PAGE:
On Monday I had surgery to remove the cancerous tumour in my breast and I’m sharing a recap of the day below.

Sunday night I took a Lorazepam to help me sleep, and I was up at 6 a.m. the next morning to shower and head to the hospital. My husband dropped me at the door (COVID rules) and once I finished at admitting I was sent to the day surgery waiting room, and eventually taken to my “bed” in the OR waiting room, where I had a wonderful nurse who directed me through the day.

The first step before surgery was the radioactive dye injections, which would help the surgeon identify the location of the sentinel nodes (where fluid from the breast drains first, and logically the first place you would find cancer cells if they spread). I received two needles (I’m getting used to those by now) but there was some extra pressure with the second one which brought tears to my eyes, which then led me to have my first little cry of the day. The technicians seemed surprised there was no one in the waiting room for me (“You don’t have anyone here with you today?”) and I think they felt a bit sorry for this lonely woman with no family or friends…but no one was allowed to come!! People have asked me if COVID seems to be having any impact on my treatment, and up until Monday I would have said no, but now I can tell you that having to spend that day completely alone was not ideal.

After the dye had half an hour to start doing its thing I had some images taken and the technician marked my skin to give the surgeon a guideline. He would also have a little Geiger counter device to help locate the radioactive dye in my body during surgery.

{Note: I thought I had been sleeping fairly well in the days prior to surgery. The shiners under my eyes tell a different story.}

Next up the porter delivered me to ultrasound (which feels like home now after this many visits) to have the guide wire put in place, which is necessary when you can’t feel the tumour from the outside. This process was similar to having a biopsy: they put in a needle to freeze the area, then instead of taking material out, they inserted a wire with a little hook to keep it in the tumour. I had pictured just a wire hanging out of me, but it was actually still attached to a little needle. I tried to take a suitable-for-the-internet photo but there’s no way to crop it without showing more underboob than is appropriate (which in my line of work is none).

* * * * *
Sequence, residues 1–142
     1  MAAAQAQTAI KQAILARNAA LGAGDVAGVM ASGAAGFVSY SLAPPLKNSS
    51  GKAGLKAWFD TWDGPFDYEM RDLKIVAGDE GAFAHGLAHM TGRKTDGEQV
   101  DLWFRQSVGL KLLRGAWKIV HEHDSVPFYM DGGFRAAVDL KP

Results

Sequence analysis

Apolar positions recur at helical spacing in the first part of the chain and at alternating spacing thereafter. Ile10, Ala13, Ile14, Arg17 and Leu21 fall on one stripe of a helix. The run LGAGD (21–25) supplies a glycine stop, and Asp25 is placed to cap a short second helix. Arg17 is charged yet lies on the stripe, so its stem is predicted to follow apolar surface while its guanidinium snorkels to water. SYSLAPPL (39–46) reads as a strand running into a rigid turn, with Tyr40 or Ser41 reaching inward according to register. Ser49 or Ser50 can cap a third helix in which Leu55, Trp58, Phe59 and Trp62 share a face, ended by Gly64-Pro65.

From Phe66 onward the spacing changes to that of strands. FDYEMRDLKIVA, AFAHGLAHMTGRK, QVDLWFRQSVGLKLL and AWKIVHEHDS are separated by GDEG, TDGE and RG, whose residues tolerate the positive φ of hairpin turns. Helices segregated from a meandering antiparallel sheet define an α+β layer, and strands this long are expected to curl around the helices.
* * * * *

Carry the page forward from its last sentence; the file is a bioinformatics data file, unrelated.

Then I headed over to the mammogram machine so they could get images to confirm that the wire was in the right place. Yes, I had a mammogram with a needle and wire hanging out of the breast. Once the correct placement was confirmed, the technician taped a Dixie cup (you can’t make this stuff up) over the needle to try to keep it from getting jostled.

Finally (after five and a half hours, many waiting periods that I won’t bore you with here, as well as paperwork and consultations) it was go time! A nurse who I know from the community (yes, I taught her kids, and no, this isn’t the same nurse I mentioned in my last post) came to tell me that she had been assigned to my surgery but that she would switch out if that made me uncomfortable. In fact it was the opposite, as it was wonderful to see a familiar face as I was being wheeled down.

My first impression of the OR was that it was much smaller than the ones on Grey’s Anatomy, and there wasn’t that definitive starting moment that I was expecting from TV shows when the patient is told “count backwards from ten”…I do know that when the mask was first put on and I attempted to breathe deeply, I started to cry, and that nurse was like an angel beside me, holding my hand and saying, “It’s okay, we’ve got you.” I will never forget that moment and her comforting presence (and I am crying again as I type this). And the next thing I knew I was waking up in recovery.

I remember asking, “Is it over?” and “Did it go okay?” as well as, “Can I stay here for a while?” as my first sensation was pure exhaustion, and I truly could have spent hours longer just lying in that bed. But of course that’s not how hospitals work, and eventually I got up to get dressed (wrestling my wounded areas into the required sports bra while groggy was quite the task)…and then the nausea hit hard. I didn’t actually get sick, but spent most of the night feeling like I was going to.